Our daily round-up of news from the art world
Performance artist eats Maurizio Cattelan banana in Miami | An art installation by Maurizio Cattelan, priced at $120,000 and comprised of a banana duct-taped to the wall of Galerie Perrotin’s booth at Art Basel Miami Beach, was publicly eaten on Saturday afternoon (7 December) by a performance artist called David Datuna. The banana was quickly replaced but the artwork itself, Comedian, was removed from the booth on Sunday morning; a statement from the gallery explained that it was attracting ‘uncontrollable crowds’. Datuna, who has named the incident ‘Hungry Artist’, was quickly escorted off the premises but Perrotin has decided not to press charges.
Maori carvings to return to New Zealand after 130 years | A group of carvings from Hinemihi, a Maori meeting house that has stood in the grounds of Clandon Park since 1892, when the structure was brought to England by the 4th Earl of Onslow, are to be returned by the National Trust. The charity has now agreed in principle to an exchange with Historic New Zealand for contemporary carvings, in response to a restitution request made in 2017 by Historic New Zealand on behalf of the people of Rotorua. Since the meeting house is a listed building, the National Trust must await approval from the UK authorities; if approved, it will be the first restitution in the history of the Trust.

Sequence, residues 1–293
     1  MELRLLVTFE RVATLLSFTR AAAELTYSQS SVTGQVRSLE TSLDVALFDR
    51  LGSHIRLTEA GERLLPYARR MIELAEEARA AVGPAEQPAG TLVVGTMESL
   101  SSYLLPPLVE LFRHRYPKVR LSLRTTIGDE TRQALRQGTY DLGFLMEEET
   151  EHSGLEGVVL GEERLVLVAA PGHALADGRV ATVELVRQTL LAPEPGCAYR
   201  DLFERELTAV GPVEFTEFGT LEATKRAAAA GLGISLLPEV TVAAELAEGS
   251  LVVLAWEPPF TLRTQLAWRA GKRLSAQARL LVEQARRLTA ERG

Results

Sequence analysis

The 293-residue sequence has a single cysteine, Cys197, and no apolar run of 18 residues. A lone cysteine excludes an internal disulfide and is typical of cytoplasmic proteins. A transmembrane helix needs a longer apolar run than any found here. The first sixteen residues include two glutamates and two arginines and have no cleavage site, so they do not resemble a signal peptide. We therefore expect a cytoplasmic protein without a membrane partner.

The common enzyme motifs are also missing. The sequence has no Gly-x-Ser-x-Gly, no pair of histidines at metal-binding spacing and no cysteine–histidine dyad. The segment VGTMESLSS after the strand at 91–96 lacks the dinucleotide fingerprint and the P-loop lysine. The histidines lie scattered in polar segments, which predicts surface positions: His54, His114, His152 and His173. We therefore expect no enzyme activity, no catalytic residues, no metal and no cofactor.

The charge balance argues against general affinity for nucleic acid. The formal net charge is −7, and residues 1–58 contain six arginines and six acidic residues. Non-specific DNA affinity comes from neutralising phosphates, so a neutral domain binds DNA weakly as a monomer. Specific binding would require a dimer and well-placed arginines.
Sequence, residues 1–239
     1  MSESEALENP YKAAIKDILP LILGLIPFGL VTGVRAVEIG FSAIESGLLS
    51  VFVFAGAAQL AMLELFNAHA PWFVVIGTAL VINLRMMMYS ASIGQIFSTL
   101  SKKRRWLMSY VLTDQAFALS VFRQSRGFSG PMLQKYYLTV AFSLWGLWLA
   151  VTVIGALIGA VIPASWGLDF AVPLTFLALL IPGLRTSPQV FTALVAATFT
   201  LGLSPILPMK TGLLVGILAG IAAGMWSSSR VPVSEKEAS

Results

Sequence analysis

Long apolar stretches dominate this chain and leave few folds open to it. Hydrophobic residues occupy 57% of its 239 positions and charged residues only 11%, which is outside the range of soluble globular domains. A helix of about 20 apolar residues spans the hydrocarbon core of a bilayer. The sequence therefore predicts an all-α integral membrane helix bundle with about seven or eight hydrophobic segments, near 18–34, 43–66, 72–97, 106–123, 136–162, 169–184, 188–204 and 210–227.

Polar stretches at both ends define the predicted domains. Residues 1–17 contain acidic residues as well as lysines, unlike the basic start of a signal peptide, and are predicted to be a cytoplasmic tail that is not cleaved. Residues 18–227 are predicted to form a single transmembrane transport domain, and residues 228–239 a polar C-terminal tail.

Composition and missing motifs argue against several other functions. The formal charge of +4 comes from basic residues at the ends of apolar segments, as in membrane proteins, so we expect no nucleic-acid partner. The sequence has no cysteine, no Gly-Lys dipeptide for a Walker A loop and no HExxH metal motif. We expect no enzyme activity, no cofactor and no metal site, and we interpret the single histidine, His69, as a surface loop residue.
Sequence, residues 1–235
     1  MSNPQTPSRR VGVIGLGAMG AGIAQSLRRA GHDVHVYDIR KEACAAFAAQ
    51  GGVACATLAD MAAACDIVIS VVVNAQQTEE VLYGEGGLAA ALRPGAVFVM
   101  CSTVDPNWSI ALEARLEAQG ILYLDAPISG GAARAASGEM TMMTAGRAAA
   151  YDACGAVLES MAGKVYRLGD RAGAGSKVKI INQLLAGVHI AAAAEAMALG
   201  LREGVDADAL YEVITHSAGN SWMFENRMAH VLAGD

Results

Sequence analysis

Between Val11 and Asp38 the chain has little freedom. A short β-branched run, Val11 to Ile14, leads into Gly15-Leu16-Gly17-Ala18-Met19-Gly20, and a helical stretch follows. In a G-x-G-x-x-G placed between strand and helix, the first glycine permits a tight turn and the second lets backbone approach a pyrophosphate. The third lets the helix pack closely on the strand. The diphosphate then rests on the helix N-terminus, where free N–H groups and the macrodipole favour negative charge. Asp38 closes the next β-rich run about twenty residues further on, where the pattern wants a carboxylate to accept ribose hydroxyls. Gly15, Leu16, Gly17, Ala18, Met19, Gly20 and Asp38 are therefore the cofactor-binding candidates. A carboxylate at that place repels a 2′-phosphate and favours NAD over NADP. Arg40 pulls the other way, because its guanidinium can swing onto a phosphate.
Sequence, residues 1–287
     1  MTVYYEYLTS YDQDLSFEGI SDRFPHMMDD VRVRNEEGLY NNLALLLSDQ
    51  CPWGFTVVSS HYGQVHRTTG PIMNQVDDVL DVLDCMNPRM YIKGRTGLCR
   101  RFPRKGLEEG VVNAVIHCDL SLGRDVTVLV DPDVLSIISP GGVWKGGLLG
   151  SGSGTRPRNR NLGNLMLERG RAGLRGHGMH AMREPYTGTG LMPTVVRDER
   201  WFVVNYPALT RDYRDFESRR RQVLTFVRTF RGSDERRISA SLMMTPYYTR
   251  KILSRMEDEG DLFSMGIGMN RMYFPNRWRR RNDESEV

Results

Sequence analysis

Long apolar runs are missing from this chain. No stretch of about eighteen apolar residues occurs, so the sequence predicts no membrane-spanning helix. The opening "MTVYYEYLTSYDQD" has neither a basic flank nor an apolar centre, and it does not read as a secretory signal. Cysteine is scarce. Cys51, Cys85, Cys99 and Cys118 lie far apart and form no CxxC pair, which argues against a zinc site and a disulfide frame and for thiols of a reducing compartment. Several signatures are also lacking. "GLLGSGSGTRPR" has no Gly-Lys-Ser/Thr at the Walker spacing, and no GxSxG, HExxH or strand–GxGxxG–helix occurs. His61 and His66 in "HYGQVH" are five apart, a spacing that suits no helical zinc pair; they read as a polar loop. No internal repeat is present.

MOCA in Los Angeles to recognise workers’ union | The Museum of Contemporary Art in Los Angeles agreed last Friday to recognise a new workers’ union, representing some 120 members of staff. The campaign to unionise began on 22 November, but was initially resisted by the museum’s management. The museum’s voluntary decision means its employees are now able to bypass a formal National Labor Relations Board election; the union will be verified instead by an independent party, allowing contract negotiations over wages and salaries to begin sooner than expected.
Donald B. Marron (1934–2019) | Wall Street financier and prominent art collector and patron Donald B. Marron has died at the age of 85. Marron was a trustee of the Museum of Modern Art, which named its new second-floor atrium after him and his wife, Catie Marron, in 2004. In 1985 he was elected president of MoMA’s board, serving in the role until he was named president emeritus in 1991. He was also vice chairman of the board of the California Institute of the Arts, and a member of the President’s Committee on the Arts and Humanities.